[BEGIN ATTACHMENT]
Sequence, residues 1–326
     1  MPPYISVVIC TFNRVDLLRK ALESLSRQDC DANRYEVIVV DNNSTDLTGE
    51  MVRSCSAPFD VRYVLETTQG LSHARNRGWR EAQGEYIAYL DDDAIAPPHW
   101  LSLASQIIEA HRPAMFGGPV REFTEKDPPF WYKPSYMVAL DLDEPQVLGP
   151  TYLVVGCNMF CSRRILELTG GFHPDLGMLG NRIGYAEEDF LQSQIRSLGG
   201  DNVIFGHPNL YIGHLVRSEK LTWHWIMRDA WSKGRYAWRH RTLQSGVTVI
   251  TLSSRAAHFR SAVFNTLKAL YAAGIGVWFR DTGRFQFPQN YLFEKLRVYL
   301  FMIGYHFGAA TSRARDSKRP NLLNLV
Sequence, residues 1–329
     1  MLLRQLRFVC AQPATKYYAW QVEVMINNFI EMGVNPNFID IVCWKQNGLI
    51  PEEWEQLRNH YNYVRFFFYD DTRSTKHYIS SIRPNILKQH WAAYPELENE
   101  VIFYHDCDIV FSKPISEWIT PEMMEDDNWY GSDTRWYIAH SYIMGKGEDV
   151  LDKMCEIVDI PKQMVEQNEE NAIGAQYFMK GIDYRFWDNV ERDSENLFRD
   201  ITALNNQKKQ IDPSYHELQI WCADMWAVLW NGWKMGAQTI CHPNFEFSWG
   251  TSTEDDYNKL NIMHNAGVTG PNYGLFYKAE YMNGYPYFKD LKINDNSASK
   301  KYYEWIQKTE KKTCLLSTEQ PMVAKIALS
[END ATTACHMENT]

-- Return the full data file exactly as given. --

Sequence, residues 1–326
     1  MPPYISVVIC TFNRVDLLRK ALESLSRQDC DANRYEVIVV DNNSTDLTGE
    51  MVRSCSAPFD VRYVLETTQG LSHARNRGWR EAQGEYIAYL DDDAIAPPHW
   101  LSLASQIIEA HRPAMFGGPV REFTEKDPPF WYKPSYMVAL DLDEPQVLGP
   151  TYLVVGCNMF CSRRILELTG GFHPDLGMLG NRIGYAEEDF LQSQIRSLGG
   201  DNVIFGHPNL YIGHLVRSEK LTWHWIMRDA WSKGRYAWRH RTLQSGVTVI
   251  TLSSRAAHFR SAVFNTLKAL YAAGIGVWFR DTGRFQFPQN YLFEKLRVYL
   301  FMIGYHFGAA TSRARDSKRP NLLNLV
Sequence, residues 1–329
     1  MLLRQLRFVC AQPATKYYAW QVEVMINNFI EMGVNPNFID IVCWKQNGLI
    51  PEEWEQLRNH YNYVRFFFYD DTRSTKHYIS SIRPNILKQH WAAYPELENE
   101  VIFYHDCDIV FSKPISEWIT PEMMEDDNWY GSDTRWYIAH SYIMGKGEDV
   151  LDKMCEIVDI PKQMVEQNEE NAIGAQYFMK GIDYRFWDNV ERDSENLFRD
   201  ITALNNQKKQ IDPSYHELQI WCADMWAVLW NGWKMGAQTI CHPNFEFSWG
   251  TSTEDDYNKL NIMHNAGVTG PNYGLFYKAE YMNGYPYFKD LKINDNSASK
   301  KYYEWIQKTE KKTCLLSTEQ PMVAKIALS